Traffic Police can make a difference!

Daily, cyclists and runners take to the roads in pursuit of their sport, and nearly all of them do so while following the appropriate safety requirements. Unfortunately, pedestrians and motorists seem less concerned with safety and more with doing their own thing whenever they want, and expecting to do so with impunity.

Because of this attitude, our roads have become dangerous for all road users. There is no evidence in the behaviour of pedestrians, that we teach road safety in schools. There is plenty of evidence that motorists are on the road who show no signs of having passed the regulations exams. How did we get to this stage?

Unless corrective measures are put in place immediately, the carnage will continue.  More citizens (Parliamentarians read: constituents) will pay with their lives because of the chaos which has been allowed to reign.  Many runners and cyclists can recount numerous near misses in which the driver happily drove off, secure in the knowledge that he/she is unlikely to be prosecuted. Making the roads safer means having an effective police presence or effectively using technology coupled with mandatory mass education programmes regardless of age.

Our policemen seem to have hibernated or are too busy rudely waving motorists out of the way just so the President, Prime Minister, Commissioner of Police, or the latest Machel Montano wannabe can get through.  We seem to have forgotten that in the absence of consequences, people will push the envelope and get away with whatever they can.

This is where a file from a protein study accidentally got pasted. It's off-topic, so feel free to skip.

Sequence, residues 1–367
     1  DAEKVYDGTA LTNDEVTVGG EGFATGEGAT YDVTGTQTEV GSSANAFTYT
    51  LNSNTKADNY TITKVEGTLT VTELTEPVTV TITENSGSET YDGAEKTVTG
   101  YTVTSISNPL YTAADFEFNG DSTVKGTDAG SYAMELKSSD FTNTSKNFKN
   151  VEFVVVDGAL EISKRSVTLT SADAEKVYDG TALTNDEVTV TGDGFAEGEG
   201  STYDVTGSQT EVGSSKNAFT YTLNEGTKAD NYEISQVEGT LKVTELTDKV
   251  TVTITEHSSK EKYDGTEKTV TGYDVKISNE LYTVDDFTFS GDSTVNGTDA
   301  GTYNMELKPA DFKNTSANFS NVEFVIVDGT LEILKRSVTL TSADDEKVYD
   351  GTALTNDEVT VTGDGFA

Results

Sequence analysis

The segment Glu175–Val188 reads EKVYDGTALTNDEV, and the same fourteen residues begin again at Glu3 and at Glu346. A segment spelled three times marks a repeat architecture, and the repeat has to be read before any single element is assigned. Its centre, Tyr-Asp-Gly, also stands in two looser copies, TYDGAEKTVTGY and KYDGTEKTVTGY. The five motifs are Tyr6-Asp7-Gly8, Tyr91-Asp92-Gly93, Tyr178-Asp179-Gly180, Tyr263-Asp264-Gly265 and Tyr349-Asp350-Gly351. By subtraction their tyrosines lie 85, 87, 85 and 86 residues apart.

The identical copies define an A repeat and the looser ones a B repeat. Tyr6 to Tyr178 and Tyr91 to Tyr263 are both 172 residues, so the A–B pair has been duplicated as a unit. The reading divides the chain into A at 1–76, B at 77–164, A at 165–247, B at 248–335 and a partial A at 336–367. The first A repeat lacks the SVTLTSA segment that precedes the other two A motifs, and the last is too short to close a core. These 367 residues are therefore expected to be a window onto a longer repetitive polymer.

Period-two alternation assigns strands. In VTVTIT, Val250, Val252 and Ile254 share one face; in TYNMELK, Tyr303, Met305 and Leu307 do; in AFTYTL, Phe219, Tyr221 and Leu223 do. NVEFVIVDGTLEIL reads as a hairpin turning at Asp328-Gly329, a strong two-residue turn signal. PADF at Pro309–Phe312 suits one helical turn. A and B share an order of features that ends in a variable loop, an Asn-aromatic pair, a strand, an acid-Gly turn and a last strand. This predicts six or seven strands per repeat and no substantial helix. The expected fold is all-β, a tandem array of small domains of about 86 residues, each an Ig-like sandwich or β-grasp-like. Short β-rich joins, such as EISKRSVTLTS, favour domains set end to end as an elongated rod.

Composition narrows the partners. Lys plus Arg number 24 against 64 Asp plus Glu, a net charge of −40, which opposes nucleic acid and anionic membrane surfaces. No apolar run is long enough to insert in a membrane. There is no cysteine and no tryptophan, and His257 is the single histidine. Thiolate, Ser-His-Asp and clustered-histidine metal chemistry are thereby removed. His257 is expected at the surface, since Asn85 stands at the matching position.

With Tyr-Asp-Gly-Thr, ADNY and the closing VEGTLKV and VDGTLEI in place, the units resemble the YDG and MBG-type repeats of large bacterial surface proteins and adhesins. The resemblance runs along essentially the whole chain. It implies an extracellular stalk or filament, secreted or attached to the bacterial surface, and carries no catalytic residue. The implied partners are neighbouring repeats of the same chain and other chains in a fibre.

These problems will not self correct.  They need:

  • Sustained, ubiquitous police enforcement of the driving regulations
  • A public campaign aimed at promoting acceptable driving standards
  • Retraining of pedestrians on how to use the roads
  • Introduction and enforcement of penalties for jaywalking & pedestrian obstruction of traffic

Simply increasing the fines without enforcement will not have the desired result.  And let’s not forget that the police themselves must be exemplars for obeying the rules of the road.

Too often we observe Police officers driving while chatting on their phones or driving with their right arm dangling out of the window or using their sirens only to be found buying doubles at the next vendor.  I often ask how is the citizen supposed to react to a someone in civilian clothes driving a marked police vehicle? Yes, I’ve digressed; this will be taken up in another post.

Police officers continue to fumble over the chaos on the roads by ignoring the illegal and inappropriate stop/start/stop/start of both illegal (“ph”) and legal taxis, a major cause of traffic; the illegal “u” turns on main roads; drivers rolling through major roads; drivers not stopping at zebra crossings; and even pedestrians not using the zebra crossings and walkovers. These are not headline grabbing activities but if laws are obeyed, and good sense followed, these are the things that signal that we are a society of order.  

A good life is made of lots of small, good actions, preferably by everyone in society.  Doing these the small things can make a big difference.